POL 161 Machiavelli Notes continued
POL 161 Machiavelli Notes continued POL 161.001
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This 4 page Class Notes was uploaded by Hailey True on Saturday March 19, 2016. The Class Notes belongs to POL 161.001 at Illinois State University taught by Jakeet Singh in Spring 2016. Since its upload, it has received 58 views. For similar materials see Introduction to Political Theory in Political Science at Illinois State University.
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Date Created: 03/19/16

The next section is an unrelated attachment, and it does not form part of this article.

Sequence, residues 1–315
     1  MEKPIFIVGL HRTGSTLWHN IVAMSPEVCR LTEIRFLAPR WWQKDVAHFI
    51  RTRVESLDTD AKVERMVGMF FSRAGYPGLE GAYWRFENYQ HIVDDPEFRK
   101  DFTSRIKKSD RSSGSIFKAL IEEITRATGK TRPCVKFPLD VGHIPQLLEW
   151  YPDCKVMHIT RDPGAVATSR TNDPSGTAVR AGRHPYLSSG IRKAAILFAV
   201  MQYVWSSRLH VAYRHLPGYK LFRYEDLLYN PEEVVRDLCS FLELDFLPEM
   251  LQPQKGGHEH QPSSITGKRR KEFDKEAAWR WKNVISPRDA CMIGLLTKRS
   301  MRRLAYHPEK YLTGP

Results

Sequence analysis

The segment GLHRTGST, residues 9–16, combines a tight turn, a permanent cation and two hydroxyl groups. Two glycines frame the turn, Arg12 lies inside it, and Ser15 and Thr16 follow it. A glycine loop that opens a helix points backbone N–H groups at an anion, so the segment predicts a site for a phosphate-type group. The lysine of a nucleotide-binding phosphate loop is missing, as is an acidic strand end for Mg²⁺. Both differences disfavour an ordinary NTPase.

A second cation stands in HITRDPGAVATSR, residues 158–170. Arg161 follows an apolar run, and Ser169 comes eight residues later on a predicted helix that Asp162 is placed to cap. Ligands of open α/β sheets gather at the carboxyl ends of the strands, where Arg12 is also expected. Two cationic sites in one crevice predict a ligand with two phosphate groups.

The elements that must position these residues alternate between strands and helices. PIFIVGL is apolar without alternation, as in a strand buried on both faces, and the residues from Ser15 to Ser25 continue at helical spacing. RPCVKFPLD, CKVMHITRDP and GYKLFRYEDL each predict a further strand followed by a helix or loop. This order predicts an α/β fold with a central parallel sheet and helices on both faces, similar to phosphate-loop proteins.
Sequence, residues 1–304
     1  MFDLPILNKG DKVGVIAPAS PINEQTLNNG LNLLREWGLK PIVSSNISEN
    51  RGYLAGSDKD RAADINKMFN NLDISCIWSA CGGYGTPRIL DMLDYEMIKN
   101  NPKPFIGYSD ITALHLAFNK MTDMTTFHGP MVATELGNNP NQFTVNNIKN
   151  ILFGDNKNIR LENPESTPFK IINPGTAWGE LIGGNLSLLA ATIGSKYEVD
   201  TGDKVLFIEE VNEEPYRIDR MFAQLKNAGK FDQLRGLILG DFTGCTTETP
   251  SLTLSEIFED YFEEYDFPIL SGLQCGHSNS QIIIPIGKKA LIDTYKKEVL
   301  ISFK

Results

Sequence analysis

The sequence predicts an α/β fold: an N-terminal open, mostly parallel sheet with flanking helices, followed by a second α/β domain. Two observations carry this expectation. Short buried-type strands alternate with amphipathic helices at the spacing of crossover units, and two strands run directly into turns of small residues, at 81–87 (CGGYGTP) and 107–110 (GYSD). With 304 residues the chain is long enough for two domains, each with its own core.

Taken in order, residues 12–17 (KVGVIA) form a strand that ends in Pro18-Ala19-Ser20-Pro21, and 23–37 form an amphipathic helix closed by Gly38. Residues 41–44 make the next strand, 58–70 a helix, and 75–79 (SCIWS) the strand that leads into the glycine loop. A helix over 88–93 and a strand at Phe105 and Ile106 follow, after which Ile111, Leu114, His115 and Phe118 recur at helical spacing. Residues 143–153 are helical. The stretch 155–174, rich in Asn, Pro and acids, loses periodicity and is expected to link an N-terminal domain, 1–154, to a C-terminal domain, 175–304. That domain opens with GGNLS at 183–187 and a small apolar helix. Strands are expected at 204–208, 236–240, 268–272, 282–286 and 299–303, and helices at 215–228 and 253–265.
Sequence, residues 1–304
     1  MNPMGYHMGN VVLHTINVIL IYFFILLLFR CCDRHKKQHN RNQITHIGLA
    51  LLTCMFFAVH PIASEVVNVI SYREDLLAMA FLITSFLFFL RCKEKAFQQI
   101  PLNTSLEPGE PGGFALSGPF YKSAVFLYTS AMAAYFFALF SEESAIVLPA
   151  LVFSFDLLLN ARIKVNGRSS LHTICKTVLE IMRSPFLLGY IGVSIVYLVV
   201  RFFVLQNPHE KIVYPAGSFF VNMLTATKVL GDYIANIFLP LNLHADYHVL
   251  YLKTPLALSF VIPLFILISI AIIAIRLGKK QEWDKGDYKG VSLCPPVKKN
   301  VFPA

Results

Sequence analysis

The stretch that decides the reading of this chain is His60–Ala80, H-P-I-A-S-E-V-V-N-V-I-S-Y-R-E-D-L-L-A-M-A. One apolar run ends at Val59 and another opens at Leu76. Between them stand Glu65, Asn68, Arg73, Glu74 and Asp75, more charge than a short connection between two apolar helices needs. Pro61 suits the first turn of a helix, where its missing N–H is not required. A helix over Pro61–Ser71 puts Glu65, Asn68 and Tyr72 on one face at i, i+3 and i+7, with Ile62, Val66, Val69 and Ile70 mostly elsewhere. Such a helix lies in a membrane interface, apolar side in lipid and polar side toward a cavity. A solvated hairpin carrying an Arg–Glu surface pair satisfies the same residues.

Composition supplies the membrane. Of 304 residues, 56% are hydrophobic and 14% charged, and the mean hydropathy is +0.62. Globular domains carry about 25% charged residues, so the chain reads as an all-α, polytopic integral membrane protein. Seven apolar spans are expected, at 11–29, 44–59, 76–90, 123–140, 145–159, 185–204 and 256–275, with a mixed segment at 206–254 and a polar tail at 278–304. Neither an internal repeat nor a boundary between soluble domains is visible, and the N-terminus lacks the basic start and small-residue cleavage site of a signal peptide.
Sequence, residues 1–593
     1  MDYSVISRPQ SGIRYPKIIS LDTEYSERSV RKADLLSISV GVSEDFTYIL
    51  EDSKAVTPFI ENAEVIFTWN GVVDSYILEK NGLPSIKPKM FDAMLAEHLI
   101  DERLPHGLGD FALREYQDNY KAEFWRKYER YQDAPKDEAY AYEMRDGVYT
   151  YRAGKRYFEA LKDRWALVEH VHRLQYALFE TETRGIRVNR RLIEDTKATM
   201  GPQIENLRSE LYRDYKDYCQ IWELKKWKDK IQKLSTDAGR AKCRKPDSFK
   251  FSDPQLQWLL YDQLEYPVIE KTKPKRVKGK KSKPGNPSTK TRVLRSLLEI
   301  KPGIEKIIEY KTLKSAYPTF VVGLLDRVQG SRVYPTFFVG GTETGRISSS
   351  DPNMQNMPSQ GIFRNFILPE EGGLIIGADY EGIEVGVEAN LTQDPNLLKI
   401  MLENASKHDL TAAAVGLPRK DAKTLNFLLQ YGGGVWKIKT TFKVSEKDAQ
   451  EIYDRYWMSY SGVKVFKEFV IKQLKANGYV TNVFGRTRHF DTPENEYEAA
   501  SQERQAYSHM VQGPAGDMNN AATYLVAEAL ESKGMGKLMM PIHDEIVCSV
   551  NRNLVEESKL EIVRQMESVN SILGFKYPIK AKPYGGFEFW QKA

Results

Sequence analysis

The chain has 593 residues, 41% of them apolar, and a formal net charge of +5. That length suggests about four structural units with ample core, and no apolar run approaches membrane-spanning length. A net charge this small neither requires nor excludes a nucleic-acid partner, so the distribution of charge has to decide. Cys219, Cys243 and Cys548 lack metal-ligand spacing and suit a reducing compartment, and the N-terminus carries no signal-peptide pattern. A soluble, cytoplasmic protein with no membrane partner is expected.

Machiavelli The Prince (continued) Key themes (919) o Focus on armies and war Never use mercenaries or auxiliary armies (pg. 38 and 4243) Mercenaries are fighting for money, not for their land or loyalty, which means they will run from the fight when they face death and will fight for the highest bidder. Auxiliaries are someone else’s army. Therefore, if you lose then it is only your loss and not theirs. If you win, they will hold you as prisoner for their prince. Selfreliance Constant preparation, study, and planning Especially in times of peace Chapter 14, pg. 4647 Review o Pull apart morality from politics There are some times where they overlap, but not usually Important to chapters 1518 Most theoretical significance Key themes (919) o Chapter 15 Lays groundwork Contrast realism and idealism Clarifies how and why he has written this book, comparing it to other books that have been written How a ruler ought to deal with others o “our next task is to consider the policies and principles a ruler ought to follow in dealing with his subjects or with his friends” (pg 47) However, he stays practical and looks at how things actually are rather than imposing ideals Despised Greeks because they are too focused on morality and took ideals and imposed on the world. Opposes Plato and Aristotle (pg. 48) Realism vs. Idealism Deal with politics as it is, with circumstances as they are, and with humans as they are. o To be successful in politics Classical version of realism Human beings, political actors, necessarily crave and seek power o Constant contest for power, greater power over others Reason for seeking power and what to do with power is to preserve selfinterest o Humans and political actors are self interested human beings, and act rationally to preserve selfinterest Begins with selfpreservation Basic need to survive In a contest for power there is always a winner and a loser o Power gained by one actor means the power loss by all others, other contestants. Zerosum contest Need for selfpreservation comes from fear; fear is a central motivating factor for self preservation One can’t always be good/moral to hold onto power o Derives this from the idea that human beings cannot be trusted, self interested, therefore you cannot trust others. So, you cannot be moral either Living up to an ideal, being moral, will bring himself destruction Pulling apart morality and politics o A break from traditional morality, in order to be successful in politics. Ways of fighting: Human and animal, fox ad lion (chapter 18) Can’t always be good and live up to ideal Then cannot always fight in distinctively human way (fight with rules and hold yourself accountable to fight with in rules) Animals do not fight this way o Animals do not fight this way o Animals do not fight this way o 2 ways to fight (human and animal) (pg. 54) o Can’t always win by fighting within the rules, be prepared to break them. o Prince both learn both ways of fighting o Know when to break the rules Another model (2 animal ways of fighting) o Lion Shortcoming: Cannot avoid traps, does not foresee in this way; not nimble, agile Has brute force and ferocity o Fox Shortcoming: does not have sheer force (ferocity, does not scare enemies away) Cunning; knows how to avoid traps o Prince must be both People often prioritize the lion Reputation for morality more important than actuall being moral (chapter 18) o Relates to be Ring of Gyges Cultivate best reputation for being moral, but you can’t always be it, therefore, make them think you are moral. (pg. 55) Subject judge on appearances and outcomes rather than who you really are because they don’t know who you really are. Know when to switch over from morality to politics Better to be feared than loved, but never hated (chapter 17) o Brings in another famous argument in 17 and 18 o Best rulers need to be both feared and loved Most of the time you will have to choose, and if you have to choose, choose to be feared Pg. 51 and 52 Much more able o control someone’s fear but not love Love is in the other person’s hands Fear is generated by yourself; human beings are naturally fearful and selfpreserving and act on fear in predictable ways Love is no in their selfinterest, fear is their selfinterest o But do not provoke hatred o Hatred is the most dangerous and fear can tip easily from fear to hatred Idea of cruelty well used vs cruelty abused Continually creating disorder can lead to hatred Hated overcomes fear and can cause people to act irrationally and rebel. o Do not take one’s loved ones or property unnecessarily to avoid being hated (pg. 52) o Do not appear weak by going back and forth on actions Do not seem weak Key Themes (20 to 26) o The better between princely virtu and fortune (chapter 25) Fully articulates broad picture of what the prince’s challenger is Main challenger is to cultivate virtu (skill) to battle fortune (Goddess of fortune) o Gender battle, manly prince battling off feminine fortune o Continual battle o It is easy to give up and put life in hands of fortune o Human actor can control about ½, fortune about other ½ (pg 74) Can be prepared for Prince must have foresight, planning, adaptability ‘River’ analogy Metaphor of Fortune being a lady.
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